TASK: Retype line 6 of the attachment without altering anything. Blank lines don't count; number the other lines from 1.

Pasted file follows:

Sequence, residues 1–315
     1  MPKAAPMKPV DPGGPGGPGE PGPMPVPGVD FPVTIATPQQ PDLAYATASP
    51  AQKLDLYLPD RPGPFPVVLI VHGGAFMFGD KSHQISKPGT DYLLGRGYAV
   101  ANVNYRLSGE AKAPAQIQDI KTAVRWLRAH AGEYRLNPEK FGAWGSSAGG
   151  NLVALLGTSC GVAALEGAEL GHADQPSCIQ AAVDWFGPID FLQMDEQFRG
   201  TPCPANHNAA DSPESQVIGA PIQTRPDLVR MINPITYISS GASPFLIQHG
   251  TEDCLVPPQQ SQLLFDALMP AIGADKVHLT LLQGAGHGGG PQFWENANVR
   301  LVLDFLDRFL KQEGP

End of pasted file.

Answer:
   201  TPCPANHNAA DSPESQVIGA PIQTRPDLVR MINPITYISS GASPFLIQHG